How Ravi Taught Me To Argue
All my life, I’ve gravitated toward debate. I could never pass up a good argument, and neither could any of my relatives. My extended family gatherings were often quite shouty places.
They didn’t just argue about politics. They argued about everything. Everything.
But while I couldn’t resist the back-and-forth discussion of an issue, I didn’t love the descent into argument. Before I knew it, the process would begin, and each one had the same ending. Me feeling icky. Not like I had met the other person, spirit to spirit, but rather that we had drawn swords and we killed each other.
At the beginning, I would always determine to just have a friendly discussion, but then…
The increased heart rate.
The rise of fervour.
The rise of voices.
The bad ending.
My opponent volleys a verbal shot that I can’t volley back. The conversations go differently in your mind than in practice.
I would become so passionate about certain things, I would cry. And I would berate myself later. “Why? Why do I always cry, for God’s sake?” Every time, I promised myself I would never argue again. I would let people say what they want without being driven to object. It seemed impossible not to be overtaken by foolish emotion in the process. And that’s when panic set in. If I don’t have a good, quick, tight answer, I can’t win, can I? And I think that’s really what I was passionate about. Not about the pursuit of truth, but about proving I was right.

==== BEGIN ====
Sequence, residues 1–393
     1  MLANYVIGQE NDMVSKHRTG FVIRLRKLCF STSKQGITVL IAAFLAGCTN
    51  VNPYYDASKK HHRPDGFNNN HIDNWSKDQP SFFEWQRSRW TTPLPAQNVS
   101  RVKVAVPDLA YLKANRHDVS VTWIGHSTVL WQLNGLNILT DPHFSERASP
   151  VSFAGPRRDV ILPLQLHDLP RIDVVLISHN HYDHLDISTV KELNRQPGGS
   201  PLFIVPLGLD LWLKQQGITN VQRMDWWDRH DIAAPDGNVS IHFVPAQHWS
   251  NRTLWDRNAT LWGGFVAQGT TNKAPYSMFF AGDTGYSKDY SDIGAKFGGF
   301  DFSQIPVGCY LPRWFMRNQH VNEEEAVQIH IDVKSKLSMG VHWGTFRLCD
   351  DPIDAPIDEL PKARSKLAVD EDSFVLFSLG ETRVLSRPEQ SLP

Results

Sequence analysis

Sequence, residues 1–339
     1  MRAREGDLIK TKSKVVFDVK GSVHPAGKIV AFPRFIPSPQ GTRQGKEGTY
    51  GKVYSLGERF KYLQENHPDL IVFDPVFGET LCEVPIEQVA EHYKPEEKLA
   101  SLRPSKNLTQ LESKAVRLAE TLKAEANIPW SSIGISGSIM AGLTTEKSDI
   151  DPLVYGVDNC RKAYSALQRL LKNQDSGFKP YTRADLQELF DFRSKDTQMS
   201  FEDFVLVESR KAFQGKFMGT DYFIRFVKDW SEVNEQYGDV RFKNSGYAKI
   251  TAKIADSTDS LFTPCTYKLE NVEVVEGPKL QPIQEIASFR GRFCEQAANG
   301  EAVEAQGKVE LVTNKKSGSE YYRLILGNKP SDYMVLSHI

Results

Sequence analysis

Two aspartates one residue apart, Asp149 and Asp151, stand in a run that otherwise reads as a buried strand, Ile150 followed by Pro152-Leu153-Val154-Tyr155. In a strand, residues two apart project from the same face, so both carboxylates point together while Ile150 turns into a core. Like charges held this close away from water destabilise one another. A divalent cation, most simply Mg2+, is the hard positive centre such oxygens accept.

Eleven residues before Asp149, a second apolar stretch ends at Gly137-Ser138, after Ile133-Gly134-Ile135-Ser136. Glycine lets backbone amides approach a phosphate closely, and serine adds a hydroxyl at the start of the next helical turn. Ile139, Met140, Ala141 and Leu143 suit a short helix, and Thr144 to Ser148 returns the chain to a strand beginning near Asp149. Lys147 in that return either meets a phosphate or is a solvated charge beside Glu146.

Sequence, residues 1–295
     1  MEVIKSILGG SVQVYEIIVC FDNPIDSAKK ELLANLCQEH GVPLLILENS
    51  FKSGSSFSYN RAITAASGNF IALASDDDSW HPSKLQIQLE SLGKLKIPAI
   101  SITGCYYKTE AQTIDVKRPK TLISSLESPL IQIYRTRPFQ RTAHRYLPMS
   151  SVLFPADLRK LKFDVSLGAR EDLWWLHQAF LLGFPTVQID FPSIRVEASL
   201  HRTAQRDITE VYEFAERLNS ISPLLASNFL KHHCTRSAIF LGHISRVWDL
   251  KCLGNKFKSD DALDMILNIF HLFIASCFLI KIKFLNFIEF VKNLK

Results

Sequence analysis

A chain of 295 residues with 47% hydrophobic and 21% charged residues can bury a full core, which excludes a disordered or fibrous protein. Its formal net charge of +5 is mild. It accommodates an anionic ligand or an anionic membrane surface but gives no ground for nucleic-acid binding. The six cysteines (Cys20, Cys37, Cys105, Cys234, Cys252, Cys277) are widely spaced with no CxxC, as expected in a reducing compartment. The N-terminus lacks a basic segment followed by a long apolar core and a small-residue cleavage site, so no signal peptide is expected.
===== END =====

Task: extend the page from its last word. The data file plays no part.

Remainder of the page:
Because right equals value.
Being wrong was the real issue. I can’t be seen making mistakes. Here I am in my fifth decade, and I realize that the drive to never be wrong—pride—is responsible for those three deep lines that are etched between my eyebrows, plus a lot of white hair.
This method of dealing with people went on for quite some time. I became a Christian as a college student, which didn’t go over very well in my secular family. I stopped engaging on many levels.
But we all have heroes.
About 15 years ago, I began listening to Ravi Zacharias, a world-renowned Christian thinker, speaker, evangelist and apologist for the faith. I tuned into his podcast every morning, read several of his books and watched almost every university talk, debate, and Q & A period on YouTube. He spoke in every region of the globe, to secular and religious folk alike, sometimes in very dangerous places and situations.
The slogan of his organization was, “Helping the Thinker Believe and the Believer Think.” I greatly admired his intellect and the delivery of his ideas. How respectful he was, no matter who he was addressing. Bold, truthful and assertive, but always incredibly soft-spoken and respectful. He mentored all the speakers in his organization, all gifted in their own right, to do the same.